Gir National Park, Gujarat
by Subhasish Chakraborty
Sasan Gir, land of the wild and the free, the savage and the beautiful, where endless dry and arid grasslands are rife with game. Lions prowl there, magnificent lions with imposing manes. A stunning variety of some of the magnificent specimens of wildlife found anywhere else on earth are here in Sasan Gir. We headed here as part of a wildlife safari tour from the Indian Institute of Travel & Tourism Management, New Delhi.
The tour was comprised of ten students who would be the future wildlife tourism experts of India, along with a tour coordinator from the Institute. As we embarked upon our Gir Lion Safari, we were all starry eyed and pumped up for one of the biggest wildlife experiences of our lives.
We reached Sasan Gir at the break of dawn after a tiresome journey involving both rail and coach travel. We checked in at the magnificent Gir Lodge, which is run by the Taj Group. The Gir Lodge is ideally situated at the edge of the world-renowned Gir forest. After refreshing ourselves, we had our brunch and surprisingly it started raining. We were told by the bellboy that it hadn’t rained for almost a year and that we were indeed lucky.
When rain showers come, it puts on a show no entertainer can ever recreate. The trees wear a fresh, washed look, the animals new coats and the damp earth takes on it’s own distinctive smell. Truly wizardry at work!
After lazing around on the balcony for almost an hour, we went out into the wilderness of Gir. As our coach proceeded towards the sanctuary, an overwhelming sense of peace engulfed us and we felt like we were in a very fortunate place, far from the din and bustle of metropolitan India. Here we were slowly and gradually embracing the evergreen forest cover.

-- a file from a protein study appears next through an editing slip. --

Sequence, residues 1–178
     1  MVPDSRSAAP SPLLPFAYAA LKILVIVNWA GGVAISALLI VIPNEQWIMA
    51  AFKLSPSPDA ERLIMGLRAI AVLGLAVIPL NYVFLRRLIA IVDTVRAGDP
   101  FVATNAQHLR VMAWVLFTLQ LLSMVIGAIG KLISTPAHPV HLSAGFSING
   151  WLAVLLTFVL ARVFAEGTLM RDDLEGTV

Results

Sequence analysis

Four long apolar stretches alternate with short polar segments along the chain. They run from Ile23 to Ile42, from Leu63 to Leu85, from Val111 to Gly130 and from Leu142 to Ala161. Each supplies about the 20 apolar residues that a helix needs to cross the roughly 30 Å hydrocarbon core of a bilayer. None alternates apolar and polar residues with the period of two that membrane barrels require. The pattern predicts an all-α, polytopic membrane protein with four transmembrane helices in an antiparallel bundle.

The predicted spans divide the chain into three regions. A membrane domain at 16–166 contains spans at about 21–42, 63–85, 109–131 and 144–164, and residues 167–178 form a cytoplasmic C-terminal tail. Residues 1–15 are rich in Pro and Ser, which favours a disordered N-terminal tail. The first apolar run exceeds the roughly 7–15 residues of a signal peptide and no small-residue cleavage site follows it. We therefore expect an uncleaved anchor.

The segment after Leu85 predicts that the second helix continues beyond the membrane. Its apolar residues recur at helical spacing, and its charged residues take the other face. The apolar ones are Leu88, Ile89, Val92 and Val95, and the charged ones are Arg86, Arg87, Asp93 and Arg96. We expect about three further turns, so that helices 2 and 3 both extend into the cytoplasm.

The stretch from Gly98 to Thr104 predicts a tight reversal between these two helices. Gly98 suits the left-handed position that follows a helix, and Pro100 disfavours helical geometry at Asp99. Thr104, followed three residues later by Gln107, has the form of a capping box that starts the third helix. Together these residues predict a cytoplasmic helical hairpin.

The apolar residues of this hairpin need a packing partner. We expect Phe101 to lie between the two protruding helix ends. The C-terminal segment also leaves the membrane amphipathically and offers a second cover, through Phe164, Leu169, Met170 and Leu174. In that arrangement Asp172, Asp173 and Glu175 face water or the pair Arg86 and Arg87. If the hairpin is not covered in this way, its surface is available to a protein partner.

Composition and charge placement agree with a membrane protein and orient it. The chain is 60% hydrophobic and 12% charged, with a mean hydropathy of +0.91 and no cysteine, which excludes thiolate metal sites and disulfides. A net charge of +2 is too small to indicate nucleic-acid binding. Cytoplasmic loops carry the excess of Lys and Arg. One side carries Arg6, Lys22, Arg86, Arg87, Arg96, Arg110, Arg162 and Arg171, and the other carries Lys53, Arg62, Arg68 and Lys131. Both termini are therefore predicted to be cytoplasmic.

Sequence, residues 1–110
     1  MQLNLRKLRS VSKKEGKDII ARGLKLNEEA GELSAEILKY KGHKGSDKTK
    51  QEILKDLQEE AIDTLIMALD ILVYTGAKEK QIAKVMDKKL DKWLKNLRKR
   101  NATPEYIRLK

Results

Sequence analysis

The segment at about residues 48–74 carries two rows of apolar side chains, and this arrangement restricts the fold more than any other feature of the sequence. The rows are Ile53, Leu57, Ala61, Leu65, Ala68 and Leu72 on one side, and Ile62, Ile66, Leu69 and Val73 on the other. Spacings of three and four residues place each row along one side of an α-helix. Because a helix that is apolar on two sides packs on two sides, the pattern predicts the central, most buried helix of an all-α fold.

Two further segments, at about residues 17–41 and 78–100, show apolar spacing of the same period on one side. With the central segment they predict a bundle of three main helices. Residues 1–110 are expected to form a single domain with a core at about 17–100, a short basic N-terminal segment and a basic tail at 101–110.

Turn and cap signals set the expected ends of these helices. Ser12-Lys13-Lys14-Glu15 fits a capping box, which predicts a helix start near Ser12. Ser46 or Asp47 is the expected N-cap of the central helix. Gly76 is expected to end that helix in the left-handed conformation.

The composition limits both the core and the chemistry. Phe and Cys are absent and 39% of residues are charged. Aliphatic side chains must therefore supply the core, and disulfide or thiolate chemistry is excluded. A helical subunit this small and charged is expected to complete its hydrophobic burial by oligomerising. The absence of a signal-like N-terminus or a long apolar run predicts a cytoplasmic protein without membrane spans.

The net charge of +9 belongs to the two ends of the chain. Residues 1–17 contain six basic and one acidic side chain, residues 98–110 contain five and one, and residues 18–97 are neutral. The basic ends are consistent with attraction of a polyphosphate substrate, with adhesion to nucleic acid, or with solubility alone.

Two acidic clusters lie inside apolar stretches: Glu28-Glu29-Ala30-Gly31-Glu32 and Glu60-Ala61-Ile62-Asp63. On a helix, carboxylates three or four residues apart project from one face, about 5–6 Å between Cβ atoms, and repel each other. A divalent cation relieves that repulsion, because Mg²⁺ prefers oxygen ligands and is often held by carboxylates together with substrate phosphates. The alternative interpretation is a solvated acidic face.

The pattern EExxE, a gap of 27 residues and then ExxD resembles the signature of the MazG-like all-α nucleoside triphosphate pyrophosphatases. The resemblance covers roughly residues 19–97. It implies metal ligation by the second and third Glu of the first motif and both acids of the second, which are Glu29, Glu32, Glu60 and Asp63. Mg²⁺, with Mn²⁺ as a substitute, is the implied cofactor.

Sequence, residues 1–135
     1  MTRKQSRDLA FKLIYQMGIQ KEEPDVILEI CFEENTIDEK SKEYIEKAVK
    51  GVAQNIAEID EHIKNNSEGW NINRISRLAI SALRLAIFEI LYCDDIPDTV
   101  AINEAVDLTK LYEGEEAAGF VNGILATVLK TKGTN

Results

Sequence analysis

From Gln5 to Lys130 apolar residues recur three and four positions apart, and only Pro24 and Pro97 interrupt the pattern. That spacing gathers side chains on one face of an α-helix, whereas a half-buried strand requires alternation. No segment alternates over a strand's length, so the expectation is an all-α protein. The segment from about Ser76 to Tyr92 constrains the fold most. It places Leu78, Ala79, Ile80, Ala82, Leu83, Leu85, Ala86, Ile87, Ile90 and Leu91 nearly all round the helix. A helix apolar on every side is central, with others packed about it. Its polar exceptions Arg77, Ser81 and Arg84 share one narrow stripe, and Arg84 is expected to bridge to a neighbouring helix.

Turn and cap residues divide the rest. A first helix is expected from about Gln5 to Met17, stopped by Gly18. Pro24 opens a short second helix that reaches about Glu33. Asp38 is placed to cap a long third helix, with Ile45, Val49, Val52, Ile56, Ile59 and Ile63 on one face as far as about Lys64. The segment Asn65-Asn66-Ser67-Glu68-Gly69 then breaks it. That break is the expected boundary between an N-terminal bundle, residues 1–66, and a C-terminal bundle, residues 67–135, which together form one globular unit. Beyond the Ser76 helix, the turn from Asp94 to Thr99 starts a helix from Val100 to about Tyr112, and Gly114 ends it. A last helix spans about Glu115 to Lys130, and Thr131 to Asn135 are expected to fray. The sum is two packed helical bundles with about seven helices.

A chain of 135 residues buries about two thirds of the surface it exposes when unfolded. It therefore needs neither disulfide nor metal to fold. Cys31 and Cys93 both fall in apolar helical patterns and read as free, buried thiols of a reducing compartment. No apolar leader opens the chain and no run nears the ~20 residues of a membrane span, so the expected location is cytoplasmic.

Midway we saw a herd of deer grazing in the grassland. And much to our delight, the herd came close to the marshy area bordering the road. Our guide instructed us not to make any noise as they might get distracted and flee from the scene. We made no noise, but there was frenzied clicking of cameras, which would serve as great take-home memory.
The next day our guide took us on a tour into the jungle. It is said that the real beauty of Gir forest unfolds if one goes deep inside the dry arid forest. Besides lions, other animals found here are the rare and elusive Leopard, Jungle Cat and Rusty Spotted Cat. Among the prey species are the Cheetal, Sambhar, Four Horned Antelope, Wild Boar and Hare. Gir also is home to Peacocks and Parakeets. With more than 200 species of avia-fauna, Gir is a bird watcher’s delight. The dazzling lakes and rivulets enhance the aesthetic beauty of Gir. We were especially fascinated by the sheer immensity of the Indian Buffalo.